[ExI] Media generations
anders at aleph.se
Mon Jun 13 09:49:58 UTC 2011
> "Certain media are good for some things" - and some are good for nothing!
> You have to consider the information content and side-effects in your
> media choice.
Exactly. Online forums require you to go to a certain online address, so
they are pull media and will not intrude unless you set things up that
you get emails about comments to your posts (a form of mild push, since
you still need to pull the emails). On the forum you get a social
interaction that can act as a reward, and the information itself is
stored fairly stably and doesn't update in realtime. These factors give
certain affordances to such forums - they are for example great in
collective creative writing for roleplaying games.
An RSS feed is more push, and can easily become an overloading
experience as numerous sources you at one time or another felt were
interesting or important produce stuff you think you need to take in -
but it is also quick to scan, so the overhead of the feed is itself low,
it is just keeping the mental discipline to ignore things and to
remember that if it is truly important it doesn't matter if you miss it
And so on for every media that is invented...
> There are still a few holdouts who refuse to carry a cellphone because
> they don't want the continual harassment. (Quite apart from security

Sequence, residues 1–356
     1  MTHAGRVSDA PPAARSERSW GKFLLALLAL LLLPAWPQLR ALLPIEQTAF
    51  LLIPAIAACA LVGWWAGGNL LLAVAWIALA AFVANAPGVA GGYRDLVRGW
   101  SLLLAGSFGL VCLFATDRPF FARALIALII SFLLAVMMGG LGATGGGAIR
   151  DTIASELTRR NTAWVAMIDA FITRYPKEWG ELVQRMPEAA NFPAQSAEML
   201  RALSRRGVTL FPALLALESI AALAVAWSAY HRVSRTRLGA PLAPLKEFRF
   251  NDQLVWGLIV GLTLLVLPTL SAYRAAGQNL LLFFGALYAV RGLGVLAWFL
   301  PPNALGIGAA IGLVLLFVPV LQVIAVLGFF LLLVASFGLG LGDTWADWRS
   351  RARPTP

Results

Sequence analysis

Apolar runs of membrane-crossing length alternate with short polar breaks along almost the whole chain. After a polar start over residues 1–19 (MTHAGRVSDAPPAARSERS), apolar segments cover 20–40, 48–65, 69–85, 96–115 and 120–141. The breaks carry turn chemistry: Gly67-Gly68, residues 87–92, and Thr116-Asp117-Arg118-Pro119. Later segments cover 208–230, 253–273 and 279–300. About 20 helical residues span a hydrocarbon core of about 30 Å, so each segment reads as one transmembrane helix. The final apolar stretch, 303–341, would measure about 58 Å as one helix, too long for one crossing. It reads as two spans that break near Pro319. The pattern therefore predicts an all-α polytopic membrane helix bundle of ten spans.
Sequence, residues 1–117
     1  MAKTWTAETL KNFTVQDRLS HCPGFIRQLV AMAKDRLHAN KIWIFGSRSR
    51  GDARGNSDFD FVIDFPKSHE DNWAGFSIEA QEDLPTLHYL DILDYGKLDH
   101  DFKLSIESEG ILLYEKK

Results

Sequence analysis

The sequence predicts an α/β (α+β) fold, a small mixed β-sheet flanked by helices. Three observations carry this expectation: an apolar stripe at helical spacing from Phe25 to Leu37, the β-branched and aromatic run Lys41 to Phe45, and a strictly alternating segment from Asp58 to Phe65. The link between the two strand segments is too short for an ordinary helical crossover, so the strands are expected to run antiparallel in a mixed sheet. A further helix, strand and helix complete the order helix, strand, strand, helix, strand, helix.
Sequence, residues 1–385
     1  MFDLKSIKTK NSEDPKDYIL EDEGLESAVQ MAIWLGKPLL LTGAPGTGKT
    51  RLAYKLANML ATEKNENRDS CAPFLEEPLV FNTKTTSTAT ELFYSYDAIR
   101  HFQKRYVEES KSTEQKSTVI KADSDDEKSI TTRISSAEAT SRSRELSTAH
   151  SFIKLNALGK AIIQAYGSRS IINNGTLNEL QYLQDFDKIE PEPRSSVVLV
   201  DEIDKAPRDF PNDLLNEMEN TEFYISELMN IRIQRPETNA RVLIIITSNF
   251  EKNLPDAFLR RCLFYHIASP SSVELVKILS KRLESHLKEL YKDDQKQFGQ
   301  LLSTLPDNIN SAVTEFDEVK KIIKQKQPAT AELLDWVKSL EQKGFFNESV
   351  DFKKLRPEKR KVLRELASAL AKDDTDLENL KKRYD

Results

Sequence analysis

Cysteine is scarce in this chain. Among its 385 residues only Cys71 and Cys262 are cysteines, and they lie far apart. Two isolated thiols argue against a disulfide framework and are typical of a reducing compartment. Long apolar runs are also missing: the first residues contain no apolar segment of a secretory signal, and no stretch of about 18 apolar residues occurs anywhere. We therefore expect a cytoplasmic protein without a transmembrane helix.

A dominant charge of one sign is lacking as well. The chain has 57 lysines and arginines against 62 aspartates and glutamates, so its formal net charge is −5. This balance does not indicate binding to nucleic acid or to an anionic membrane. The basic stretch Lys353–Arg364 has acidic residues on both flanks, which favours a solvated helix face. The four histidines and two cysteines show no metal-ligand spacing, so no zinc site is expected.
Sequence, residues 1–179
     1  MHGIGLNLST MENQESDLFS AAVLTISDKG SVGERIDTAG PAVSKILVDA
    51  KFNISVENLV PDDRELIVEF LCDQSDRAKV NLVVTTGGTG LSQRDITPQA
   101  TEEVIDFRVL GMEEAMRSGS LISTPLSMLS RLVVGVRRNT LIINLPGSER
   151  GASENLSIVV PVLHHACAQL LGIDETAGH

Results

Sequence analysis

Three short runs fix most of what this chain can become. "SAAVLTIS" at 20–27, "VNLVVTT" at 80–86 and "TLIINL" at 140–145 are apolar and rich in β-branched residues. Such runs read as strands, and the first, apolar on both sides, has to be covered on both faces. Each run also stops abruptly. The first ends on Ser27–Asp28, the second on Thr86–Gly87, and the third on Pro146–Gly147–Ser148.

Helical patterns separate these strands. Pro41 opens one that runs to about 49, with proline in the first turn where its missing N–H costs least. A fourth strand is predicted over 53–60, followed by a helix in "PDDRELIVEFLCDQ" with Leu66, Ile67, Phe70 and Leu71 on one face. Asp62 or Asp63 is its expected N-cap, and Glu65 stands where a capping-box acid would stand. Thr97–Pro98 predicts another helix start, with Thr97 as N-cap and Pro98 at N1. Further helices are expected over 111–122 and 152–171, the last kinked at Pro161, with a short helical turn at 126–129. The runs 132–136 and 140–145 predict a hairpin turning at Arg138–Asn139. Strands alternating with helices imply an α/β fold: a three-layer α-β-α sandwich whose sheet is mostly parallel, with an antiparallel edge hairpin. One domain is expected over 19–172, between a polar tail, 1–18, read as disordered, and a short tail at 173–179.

> worries about continual tracking and recording of all communications).
There are a few interesting ideas on this and extrapolations of current
media in the preview for the new Charles Stross novel, Rule 34:
> I recently saw a bitingly funny rant about Twitter.
> The comedian pointed out that Tweets were all total rubbish, along the
> lines of "I'm going to eat a ham sandwich. Yum, yum!" Who cares? He
> commented that it was as though their brains were leaking
> uncontrollably. People who Tweet every detail of their insignificant
> lives are basically people who EVEN WHEN THEY ARE ALONE just can't
> Shut the f**k up!
But if he *listens* to them, what does that tell you about him?
Many criticisms of new media are done by people who do not 'get' them.
So outside criticism is rarely on the point, it just attacks surface
details. But 'getting' a media requires immersion, and then you will
have invested time and effort into mastering it and will now be biased.
"Surely CroakCroak is good for something, I spent a month learning to
gesture through it?!" So inside criticism will often miss obvious points.
Nick and me had a fun dinner discussion with a junior colleague about
Facebook. We wanted to figure out what it was good for. So our colleague
convinced us it was great for keeping track of old friends or
schoolmates, plus upcoming social events, but didn't convince us it was
useful for professional interactions. So, being academics with no lives
we felt it was pretty pointless :-)
Future of Humanity Institute
James Martin 21st Century School
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